**Correspondence**: Dipartimento di Ingegneria Civile ed Ambientale, Politecnico di Milano, P.za
Leonardo da Vinci, 32 - 20133 Milano, Italy.

E-mail: anna.pandolfi@polimi.it

**On the recovery of the stress-free**

**configuration of the human cornea**

Andrea Montanino1_{, Anna Pandolfi}2

1_{Dipartimento di Strutture per l’Ingegneria e l’Architettura, Università degli Studi di}

Napoli “Federico II”, Napoli, Italy,2_{Dipartimento di Ingegneria Civile ed Ambientale,}

Politecnico di Milano, Milano, Italy

**Abstract**

Purpose: The geometries used to conduct numerical simulations of the biomechanics of the human cornea are reconstructed from images of the physiological configura-tion of the system, which is not in a stress-free state because of the interacconfigura-tion with the surrounding tissues. If the goal of the simulation is a realistic estimation of the mechanical engagement of the system, it is mandatory to obtain a stress-free config-uration to which the external actions can be applied.

Methods: Starting from a unique physiological image, the search of the stress-free configuration must be based on methods of inverse analysis. Inverse analysis as-sumes the knowledge of one or more geometrical configurations and, chosen a ma-terial model, obtains the optimal values of the mama-terial parameters that provide the numerical configurations closest to the physiological images. Given the multiplicity of available material models, the solution is not unique.

Results: Three exemplary material models are used in this study to demonstrate that the obtained, non-unique, stress-free configuration is indeed strongly dependent on both material model and on material parameters.

Conclusion: The likeliness of recovering the actual stress-free configuration of the hu-man cornea can be improved by using and comparing two or more imaged configu-rations of the same cornea.

Keywords: human cornea, inverse analysis, parameter identification, postoperative cornea, preoperative cornea, stress-free configuration

**1. Introduction**

Among all the soft biological tissues of the human body, the cornea is unique
be-cause of the transparency1_{and the accessibility of its location. These features make}

the cornea one of the most deeply studied and better known biological materi-als, since advanced optical imaging has revealed all the details of the underlying microstructure.2,3

The cornea belongs to the system of lenses that in the eye deviate the light rays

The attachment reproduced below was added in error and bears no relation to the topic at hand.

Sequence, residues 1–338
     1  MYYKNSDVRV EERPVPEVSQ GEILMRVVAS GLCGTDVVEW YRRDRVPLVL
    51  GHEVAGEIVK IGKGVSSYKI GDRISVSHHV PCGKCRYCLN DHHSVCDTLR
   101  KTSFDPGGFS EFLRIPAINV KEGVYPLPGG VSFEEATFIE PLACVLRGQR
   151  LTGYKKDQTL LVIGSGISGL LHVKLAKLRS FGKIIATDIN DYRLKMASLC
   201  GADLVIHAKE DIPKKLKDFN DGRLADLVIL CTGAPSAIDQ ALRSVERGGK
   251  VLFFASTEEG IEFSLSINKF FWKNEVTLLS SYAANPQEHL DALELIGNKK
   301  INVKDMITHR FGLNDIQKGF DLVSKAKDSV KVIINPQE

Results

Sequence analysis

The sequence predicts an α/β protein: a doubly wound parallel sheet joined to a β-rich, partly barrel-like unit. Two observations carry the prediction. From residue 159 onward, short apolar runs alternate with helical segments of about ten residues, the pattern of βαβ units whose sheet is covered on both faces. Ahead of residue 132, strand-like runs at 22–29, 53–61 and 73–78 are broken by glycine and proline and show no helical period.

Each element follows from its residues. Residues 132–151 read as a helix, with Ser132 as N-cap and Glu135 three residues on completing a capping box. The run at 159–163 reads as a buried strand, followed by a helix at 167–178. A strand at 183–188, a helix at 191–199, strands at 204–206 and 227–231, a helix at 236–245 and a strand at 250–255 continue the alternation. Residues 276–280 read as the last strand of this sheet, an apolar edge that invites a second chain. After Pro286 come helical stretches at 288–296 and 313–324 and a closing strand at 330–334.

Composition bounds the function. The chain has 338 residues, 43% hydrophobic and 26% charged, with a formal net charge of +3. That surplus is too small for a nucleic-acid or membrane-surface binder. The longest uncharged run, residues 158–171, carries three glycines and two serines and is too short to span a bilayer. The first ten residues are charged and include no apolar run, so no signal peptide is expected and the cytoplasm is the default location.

onto the specialized receptor cells of the retina. When the lens system is defective,
the image appears blurred and unfocused, requiring the use of additional lenses to
perceive a correct image. Spectacles and contact lenses have been and are largely
used, but in the last two decades laser technology has allowed to correct refraction
errors permanently by modifying the refractive power of cornea, in consideration of
the accessibility of the organ. The change of the corneal refractive power is principally
obtained by selective laser ablation of some portions of the tissue,4_{or by the }

inser-tion of small prosthesis or devices (arcuates, intraocular lenses, rings, etc.) within the cornea. Refractive surgery technologies have become very safe and precise, but still gross errors are occurring occasionally when the cornea presents geometrical or structural anomalies. For non-standard corneas that must undergo refractive surgery, the support of a numerical model of the cornea with patient-specific features may become of great importance to reduce the possibility of mistakes and to help in the selection and design of the optimal treatment.

A numerical model of the human cornea must be constructed accounting for all the important features of the tissue. Given the refractive function of the cornea, the adoption of the patient-specific shape is a must. Nowadays, the availability of op-tical apparatuses makes trivial the attainment of the customized shape that can be transferred in the solid model of the cornea.5

As a soft biological tissue, the cornea is very deformable and water rich, and
there-fore, almost incompressible. The mechanical behavior in physiological conditions is
characterized by reversibility even at large deformations. Relaxation experiments on
pig corneas have revealed a viscous-plastic-damaging behavior.6_{Nevertheless, in }

ap-plications concerning refractive surgery, degenerative aspects should not be of rele-vance, since the postoperative cornea is supposed to behave in a reversible way as in the preoperative conditions. Thus, in the literature it has become customary to adopt finite strain hyperelastic models for the material, which imply directly reversibility.7,8

Although the corneal tissue is organized in five layers, from the mechanical point
of view the most important properties are related to collagen, the structural
compo-nent of the stroma, the central and thicker layer. Stromal collagen, immersed in a
matrix of elastin and proteoglycans, is organized hierarchically in fibrils and lamellae
following a complex architecture that has been observed more than three decades
ago.2_{In the central area of the cornea the lamellae are preferentially oriented in two}

directions: nasal-temporal (NI) and superior-inferior (SI). This organization involves approximately 60% of the fibrils, while the remaining 40% are randomly oriented.

The change in curvature in the limbus zone is related to the presence of a